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#21 Jul 01 2009 at 8:48 AM Rating: Decent
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Kharmageddon wrote:
Quote:
I would rather spend $300 bucks on a PS3 and be sure the game will run smoothly rather than spend $2,500+ bucks on a new PC.


$2500 for a PC? Is every piece you're buying made out of pure gold? I build high-end gaming machines for fun (for myself/friends) and they're around $1100 after monitor, peripherals, tax, and shipping. Also, a $900 PC will always be able to out-media and out-multitask a PS3.
Where do you buy your parts? There must be some secret corner of the internet I'm missing. I'm building my own PC right using pretty much exclusively newegg and I'm up to 2475 and wish I had enough money to deck it out a little more...
#22 Jul 01 2009 at 8:56 AM Rating: Good
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Quote:
Where do you buy your parts? There must be some secret corner of the internet I'm missing. I'm building my own PC right using pretty much exclusively newegg and I'm up to 2475 and wish I had enough money to deck it out a little more...


Instead of sorting by "price highest to lowest" and picking the first thing, try sorting by best rated ;)

I have a computer that ran Crysis on high (back when Crysis was THE benchmark for gaming performance). I spent $1180 on it after tax and shipping, bought the monitor, keyboard and mouse. The tower was ~$925. By the time FFXIV comes out, I'm sure that for $925 you'll be able to build something that is a beast by today's standards.
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#23 Jul 01 2009 at 9:03 AM Rating: Decent
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My PC sucks, I could never get my FFXI to look just as great as most other players and also my fps are low to go along with it.

For FFXIV I plan to just get a PS3 seeing as its finally getting good games I can enjoy and I won't have to go through the many frustrating obstacles you have to go through to upgrade your PC (Well i'm sure they would be difficult for me so don't try to **** all over my post k?).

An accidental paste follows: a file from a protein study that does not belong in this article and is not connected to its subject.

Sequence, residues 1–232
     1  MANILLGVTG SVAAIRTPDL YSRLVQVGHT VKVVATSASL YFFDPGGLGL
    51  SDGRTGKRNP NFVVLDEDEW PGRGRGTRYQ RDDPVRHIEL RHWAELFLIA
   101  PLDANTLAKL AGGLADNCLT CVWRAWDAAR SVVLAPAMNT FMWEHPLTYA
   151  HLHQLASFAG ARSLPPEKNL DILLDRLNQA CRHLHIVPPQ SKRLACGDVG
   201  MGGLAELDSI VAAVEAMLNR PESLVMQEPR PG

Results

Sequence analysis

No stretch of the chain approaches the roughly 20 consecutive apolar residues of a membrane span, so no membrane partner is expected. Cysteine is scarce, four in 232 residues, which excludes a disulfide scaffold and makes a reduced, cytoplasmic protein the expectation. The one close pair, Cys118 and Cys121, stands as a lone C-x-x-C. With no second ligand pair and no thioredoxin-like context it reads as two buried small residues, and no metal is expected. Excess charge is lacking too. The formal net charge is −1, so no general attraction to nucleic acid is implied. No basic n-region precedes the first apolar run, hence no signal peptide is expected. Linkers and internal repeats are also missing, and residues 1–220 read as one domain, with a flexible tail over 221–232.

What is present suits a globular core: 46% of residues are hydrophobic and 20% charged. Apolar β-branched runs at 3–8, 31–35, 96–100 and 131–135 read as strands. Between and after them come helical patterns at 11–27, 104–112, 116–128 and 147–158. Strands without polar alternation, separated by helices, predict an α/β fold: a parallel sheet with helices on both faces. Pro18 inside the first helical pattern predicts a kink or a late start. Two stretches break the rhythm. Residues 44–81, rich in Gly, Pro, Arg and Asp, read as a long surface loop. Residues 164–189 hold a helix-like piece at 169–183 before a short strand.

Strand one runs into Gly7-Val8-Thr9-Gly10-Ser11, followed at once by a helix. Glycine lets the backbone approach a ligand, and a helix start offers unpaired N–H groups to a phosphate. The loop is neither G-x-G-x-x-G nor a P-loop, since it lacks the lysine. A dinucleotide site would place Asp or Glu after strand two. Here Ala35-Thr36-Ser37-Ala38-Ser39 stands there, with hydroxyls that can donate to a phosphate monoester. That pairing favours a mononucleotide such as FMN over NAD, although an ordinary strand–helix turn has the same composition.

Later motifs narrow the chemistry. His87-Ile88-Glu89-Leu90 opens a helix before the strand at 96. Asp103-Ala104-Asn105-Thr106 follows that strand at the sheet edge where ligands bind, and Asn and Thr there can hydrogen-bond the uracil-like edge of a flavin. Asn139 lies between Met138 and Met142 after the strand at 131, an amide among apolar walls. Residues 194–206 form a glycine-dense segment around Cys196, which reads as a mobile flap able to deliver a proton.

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#24 Jul 01 2009 at 9:05 AM Rating: Decent
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Good for you! Building a desktop computer for high end use is always a wiser than buying a pre-built one. Pre-built desktop computers are good for one thing, and one alone: mass purchases of low-end desktops for businesses.

As for your question of a laptop, they can definitely run games, but the price tends to increase almost exponentially compared to equivalent custom-built desktops. If mobility is very important to you, and price is a non-objection, you may still want to invest in a laptop.

...

If you are going to build a new PC specifically for FFXIV, I would highly encourage you to weight until FFXIV is ready to come out. There is a good possibility that by the time FFXIV comes out, you could build the same computer you could build now for half the price. Don't waste your money.
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#25 Jul 01 2009 at 9:21 AM Rating: Default
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Didn't read the whole thread, but I can't imagine that an MMO will be more taxing even at the time of FFXIV's release than Crysis and a few other FPSs are. If you build a PC around those, you should be sitting pretty when FFXIV comes out.

I personally do a major upgrade every year and minor upgrades ever 1-3 months on my PC anyway. I'm never caught with my pants down when a new game comes out, and I'm never really out a large sum of money at any point either. The most I generally spend on the major upgrades is about $800. Minor upgrades are generally $100-200.

I currently run a phenom X4 9600 black edition, 8 GB hyperX 1066, Radeon HD 4870 w/ 1GB. I don't have any doubts that this system would run FFXIV in maximum graphics with no problems. In Crysis, I get 86 FPS on max graphics. *more if I overclock, but I'm a firm believer in not overclocking without water cooling.*
#26 Jul 01 2009 at 2:31 PM Rating: Default
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Quote:
$2500 for a PC? Is every piece you're buying made out of pure gold? I build high-end gaming machines for fun (for myself/friends) and they're around $1100 after monitor, peripherals, tax, and shipping. Also, a $900 PC will always be able to out-media and out-multitask a PS3.


Dude, I don't know where you've been getting your parts, but I really like to know. And also like to understand what is a "good" gaming PC to you. $2500 for a kick *** rig with 22" LCD and nice speakers plus gaming grade peripheral devices is not a push over, not at all. In fact, for extreme FPS gamers, $2500 is probably not enough (way off really).

Unless you're talking about getting a Lynnfield or Arrandale chips, a low end Nahalem chip alone cost about $280 bucks. A performance 200 series Nvidia graphics card can easily cost up to $300+ bucks. The CPU and graphic card together would already cost well over $600 with tax. DDR3 memories are becoming cheaper, but won't be in the range of DDR2 for at least another year. A good name brand set of DDR3 1600 (6 gigs) will cost over $200 bucks. High RPM or Solid State hard drives are both equally expensive as well $200 to $400 easily.

Spending $2500 to get the newest technology on the market, keep the rig for 3 years before changing is better off than spending $1000 on technologies that are already obsolete and needs to be replaced every year. $2500.00 every 3 years is actually not a bad investment. I'm sure there are times where you blew off $2500 for something that did not last you 3 years long.

Quote:
Good for you! Building a desktop computer for high end use is always a wiser than buying a pre-built one. Pre-built desktop computers are good for one thing, and one alone: mass purchases of low-end desktops for businesses.